I lost my phone while on vacation recently. Somewhere on Heavenly Mountain in Lake Tahoe there’s a phone buried deep under the snow below the chair lift. Seems like bad news right? When I told people, many of them reached for their pockets and purses just to caress their own phones in an effort to reassure themselves that they didn’t lose their phone. Calm down people. Take some deep breathes. This is my story, not yours. And don’t worry, it has a happy ending.
It was time for the coach to do some self-coaching. I learned some pretty beautiful lessons by losing that device.
Here are three lessons I learned by losing my phone.
1. I’m not that important. This one was an uncomfortable pill to swallow at first. No one died because I didn’t have a phone. People went to work, remembered to eat, and got out of bed even though they couldn’t call me. No one died, jump off a bridge, or forgot to breath. Life went on, people managed, and got along fine.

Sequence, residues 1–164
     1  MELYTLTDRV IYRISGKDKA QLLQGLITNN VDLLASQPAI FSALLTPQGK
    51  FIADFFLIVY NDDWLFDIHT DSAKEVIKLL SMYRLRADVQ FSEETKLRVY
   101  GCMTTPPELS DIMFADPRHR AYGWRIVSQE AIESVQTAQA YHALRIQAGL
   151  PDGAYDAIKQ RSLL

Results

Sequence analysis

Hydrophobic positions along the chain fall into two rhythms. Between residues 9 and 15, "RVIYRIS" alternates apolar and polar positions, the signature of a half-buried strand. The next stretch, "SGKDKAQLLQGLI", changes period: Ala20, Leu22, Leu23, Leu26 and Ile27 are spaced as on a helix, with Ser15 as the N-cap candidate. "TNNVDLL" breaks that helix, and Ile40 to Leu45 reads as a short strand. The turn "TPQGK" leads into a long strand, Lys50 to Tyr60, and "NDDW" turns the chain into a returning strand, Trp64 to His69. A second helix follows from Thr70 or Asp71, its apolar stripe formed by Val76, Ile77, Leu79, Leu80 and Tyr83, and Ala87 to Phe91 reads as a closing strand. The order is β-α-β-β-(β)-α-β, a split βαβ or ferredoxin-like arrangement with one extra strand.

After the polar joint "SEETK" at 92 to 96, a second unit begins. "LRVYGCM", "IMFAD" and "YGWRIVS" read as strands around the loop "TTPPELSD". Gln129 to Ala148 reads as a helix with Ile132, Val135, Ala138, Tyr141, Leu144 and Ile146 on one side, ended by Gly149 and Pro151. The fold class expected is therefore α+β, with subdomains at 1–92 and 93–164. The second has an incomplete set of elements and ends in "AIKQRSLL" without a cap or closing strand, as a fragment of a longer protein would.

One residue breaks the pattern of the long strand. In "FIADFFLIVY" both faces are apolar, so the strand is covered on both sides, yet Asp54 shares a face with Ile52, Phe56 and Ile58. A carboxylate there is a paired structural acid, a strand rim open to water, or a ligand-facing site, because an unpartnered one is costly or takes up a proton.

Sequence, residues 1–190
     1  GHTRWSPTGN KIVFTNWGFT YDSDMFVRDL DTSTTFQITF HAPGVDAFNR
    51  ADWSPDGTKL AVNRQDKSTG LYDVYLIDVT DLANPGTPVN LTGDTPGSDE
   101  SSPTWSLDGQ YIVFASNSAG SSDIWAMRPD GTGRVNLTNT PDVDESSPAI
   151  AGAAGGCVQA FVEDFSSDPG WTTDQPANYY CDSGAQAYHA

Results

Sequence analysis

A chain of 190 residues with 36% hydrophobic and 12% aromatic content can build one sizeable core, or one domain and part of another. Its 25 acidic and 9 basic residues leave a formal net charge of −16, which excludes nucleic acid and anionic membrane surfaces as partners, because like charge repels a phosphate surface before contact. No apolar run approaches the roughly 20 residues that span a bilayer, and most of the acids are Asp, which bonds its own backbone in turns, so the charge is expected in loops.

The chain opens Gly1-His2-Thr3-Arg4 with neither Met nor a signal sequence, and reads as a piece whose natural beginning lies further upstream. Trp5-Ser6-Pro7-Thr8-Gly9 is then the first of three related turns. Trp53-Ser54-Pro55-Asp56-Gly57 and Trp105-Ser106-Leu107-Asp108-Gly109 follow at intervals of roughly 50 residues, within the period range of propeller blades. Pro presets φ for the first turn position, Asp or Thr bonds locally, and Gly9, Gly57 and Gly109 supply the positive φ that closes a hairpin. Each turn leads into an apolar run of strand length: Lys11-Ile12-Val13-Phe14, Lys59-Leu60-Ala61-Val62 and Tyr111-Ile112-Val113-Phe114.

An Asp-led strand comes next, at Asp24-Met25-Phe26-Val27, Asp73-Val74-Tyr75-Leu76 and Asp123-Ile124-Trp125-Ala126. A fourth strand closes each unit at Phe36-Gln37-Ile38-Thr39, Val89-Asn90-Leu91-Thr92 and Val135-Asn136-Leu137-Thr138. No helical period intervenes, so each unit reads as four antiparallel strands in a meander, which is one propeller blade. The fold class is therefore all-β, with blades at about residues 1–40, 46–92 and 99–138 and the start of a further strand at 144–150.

2. I am extremely important. Without my phone, there were no texts to check, no “likes” to seek, no pictures to take. My eyes went to what was before me in the present. The cool air, blue sky, looking across the mountain at my son skiing…..searching in the trees for a glimpse of my daughter tree skiing, pulling over to eat some snow with my youngest daughter. I wasn’t taking pictures with aphone in front of my face. I was capturing picture memories and fully engaged. I was an important participant in the making of memories, not an observer capturing proof of “good times”.
3. Gratitude. The connection to our tools, our equipment can put a barrier between us and gratitude. Always being available to others doesn’t leave room to be available to ourselves. I found myself watching the sunrise over Lake Tahoe at 5am on a shuttle to the airport. If I had my phone, I would have been checking emails, planning ahead. I would have missed that sunrise. How many sunrise moments have passed me by while I was “checking” planning ahead, responding to others?
You’ll be relieved to know I have a new phone. But I am different. I go out without it. I leave it at home. I do things, talk with people, spend time with myself unplugging. I don’t need to post, take pictures, or text in order to know something is happening. I desire to be connected with myself and others more than a device.
Sometimes you have to un-plug in order to plug in to your life.